Rossendale Borough Council

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Fireworks

Information on fireworks

Fireworks are widely used to mark public and private celebrations as well as traditional events. While adding excitement to occasions, fireworks can also frighten and disturb people and animals, cause annoyance and impact on air quality.

Why worry about fireworks?

Noise: Fireworks can frighten people and animals. In particular children and the elderly can be intimidated and scared by firework noise. Farm and domestic animals can be startled and panic.
Air pollution: The bright colours and effects in fireworks are produced by a cocktail of chemicals. Fireworks emit light, heat and sound energy along with carbon dioxide and other gases and residues. On and around bonfire night there is often a noticeable increase in pollution from particulates and dioxins.
Safety: Fireworks are explosive and must be used with caution. In 2005 990 people received treatment for firework injuries.

Fireworks and the Law

Supply of fireworks

All fireworks for sale buy use by the public must in compliance with the Pyrotechnics Articles (Safety) Regulations 2010 and should be "CE" marked and thus comply with the Regulations. In Rossendale the Regulations are enforced by Trading Standards at Lancashire County Council Tel: 01772 533569.

Nuisance and danger caused by fireworks

If an Environmental Health Officer judges noise from fireworks to be a statutory nuisance under the Environmental Protection Act 1990, they can issue a noise abatement notice - however, as firework noise is short lived, in practice it can prove difficult to locate the source and determine statutory nuisance.

Under the Crime and Disorder Act 1998 the Police or the Council can apply to magistrates for an anti-social behaviour order where anyone has cause 'harassment, alarm or distress'. Disobeying an order carries a maximum penalty of a five year prison sentence.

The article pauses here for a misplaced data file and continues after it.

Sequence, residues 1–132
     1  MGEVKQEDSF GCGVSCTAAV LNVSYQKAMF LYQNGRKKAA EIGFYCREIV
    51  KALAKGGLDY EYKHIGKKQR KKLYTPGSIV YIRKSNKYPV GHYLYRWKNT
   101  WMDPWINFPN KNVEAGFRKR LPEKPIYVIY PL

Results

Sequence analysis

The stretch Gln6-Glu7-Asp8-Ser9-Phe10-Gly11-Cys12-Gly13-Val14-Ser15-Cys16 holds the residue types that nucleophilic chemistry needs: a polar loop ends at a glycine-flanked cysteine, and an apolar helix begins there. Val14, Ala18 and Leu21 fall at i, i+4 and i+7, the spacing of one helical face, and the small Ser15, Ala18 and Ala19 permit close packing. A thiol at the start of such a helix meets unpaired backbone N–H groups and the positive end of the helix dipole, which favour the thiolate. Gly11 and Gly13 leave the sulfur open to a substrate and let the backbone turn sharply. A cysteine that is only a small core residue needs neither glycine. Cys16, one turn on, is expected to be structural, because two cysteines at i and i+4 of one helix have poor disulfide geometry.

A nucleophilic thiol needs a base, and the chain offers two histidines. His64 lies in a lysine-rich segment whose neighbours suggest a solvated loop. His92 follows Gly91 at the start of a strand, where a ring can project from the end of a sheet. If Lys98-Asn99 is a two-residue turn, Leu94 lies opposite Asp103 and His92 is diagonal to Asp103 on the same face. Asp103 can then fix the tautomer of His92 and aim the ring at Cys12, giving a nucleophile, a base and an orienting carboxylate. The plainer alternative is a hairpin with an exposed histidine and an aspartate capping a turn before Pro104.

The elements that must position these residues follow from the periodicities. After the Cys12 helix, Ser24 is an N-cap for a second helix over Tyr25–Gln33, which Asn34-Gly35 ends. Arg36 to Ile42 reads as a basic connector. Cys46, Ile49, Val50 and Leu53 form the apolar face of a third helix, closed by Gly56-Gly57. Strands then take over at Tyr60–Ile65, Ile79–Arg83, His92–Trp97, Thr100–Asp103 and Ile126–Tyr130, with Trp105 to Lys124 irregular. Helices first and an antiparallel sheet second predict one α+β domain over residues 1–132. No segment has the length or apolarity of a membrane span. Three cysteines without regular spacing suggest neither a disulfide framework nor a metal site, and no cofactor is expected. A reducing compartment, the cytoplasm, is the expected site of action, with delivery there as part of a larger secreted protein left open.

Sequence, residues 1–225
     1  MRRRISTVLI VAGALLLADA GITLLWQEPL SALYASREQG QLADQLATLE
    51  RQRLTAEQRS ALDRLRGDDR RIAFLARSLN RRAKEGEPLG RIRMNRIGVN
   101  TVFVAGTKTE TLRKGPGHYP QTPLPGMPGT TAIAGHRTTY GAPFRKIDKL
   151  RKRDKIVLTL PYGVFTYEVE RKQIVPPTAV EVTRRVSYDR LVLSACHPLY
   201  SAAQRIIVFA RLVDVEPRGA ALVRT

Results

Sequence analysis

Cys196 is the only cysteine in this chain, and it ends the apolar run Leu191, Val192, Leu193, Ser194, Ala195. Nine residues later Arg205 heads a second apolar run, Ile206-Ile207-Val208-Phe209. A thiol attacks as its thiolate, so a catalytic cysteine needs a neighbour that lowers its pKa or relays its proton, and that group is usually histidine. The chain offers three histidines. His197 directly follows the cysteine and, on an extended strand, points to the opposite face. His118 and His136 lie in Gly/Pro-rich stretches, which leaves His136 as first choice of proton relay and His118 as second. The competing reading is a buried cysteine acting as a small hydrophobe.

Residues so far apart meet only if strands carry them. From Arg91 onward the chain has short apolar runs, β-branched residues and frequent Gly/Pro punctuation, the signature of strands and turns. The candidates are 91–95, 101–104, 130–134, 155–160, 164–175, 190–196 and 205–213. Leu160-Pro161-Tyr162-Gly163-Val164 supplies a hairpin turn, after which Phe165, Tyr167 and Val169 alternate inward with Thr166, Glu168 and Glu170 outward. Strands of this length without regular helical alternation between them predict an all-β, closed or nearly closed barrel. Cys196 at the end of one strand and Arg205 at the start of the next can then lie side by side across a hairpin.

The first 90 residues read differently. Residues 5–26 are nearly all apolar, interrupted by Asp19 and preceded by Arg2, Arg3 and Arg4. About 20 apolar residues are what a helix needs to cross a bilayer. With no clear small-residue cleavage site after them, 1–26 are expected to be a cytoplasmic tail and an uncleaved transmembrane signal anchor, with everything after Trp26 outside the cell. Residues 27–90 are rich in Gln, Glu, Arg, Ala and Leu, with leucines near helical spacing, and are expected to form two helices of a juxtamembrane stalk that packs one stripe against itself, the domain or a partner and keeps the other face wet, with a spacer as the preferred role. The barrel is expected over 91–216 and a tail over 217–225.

Fixed Penalty Notices

Throwing or setting off fireworks in the street is an offence under the Explosives Act 1875. This is enforced by the Police and a fixed penalty notice of £80 applies.

When can I use fireworks?

The Firework Regulations 2004 prohibit anyone under 18 from possessing fireworks, and anyone except professionals from possessing display fireworks. These regulations also prohibit use of fireworks at night (11.00pm -7.00am) with extensions for the following event:

  • On New Year’s Eve until 1.00am on New Year’s Day
  • On 5th November till midnight
  • First day of Chinese New Year until 1.00am the following day
  • On the day of Diwali until 1.00am the following day.

These regulations are enforced by the police. There is a penalty of up to £5000 or 6 months imprisonment for breach of the curfew.

Fireworks are widely used to mark public and private celebrations as well as traditional events. While adding excitement to occasions, fireworks can also frighten and disturb people and animals, cause annoyance and impact on air quality.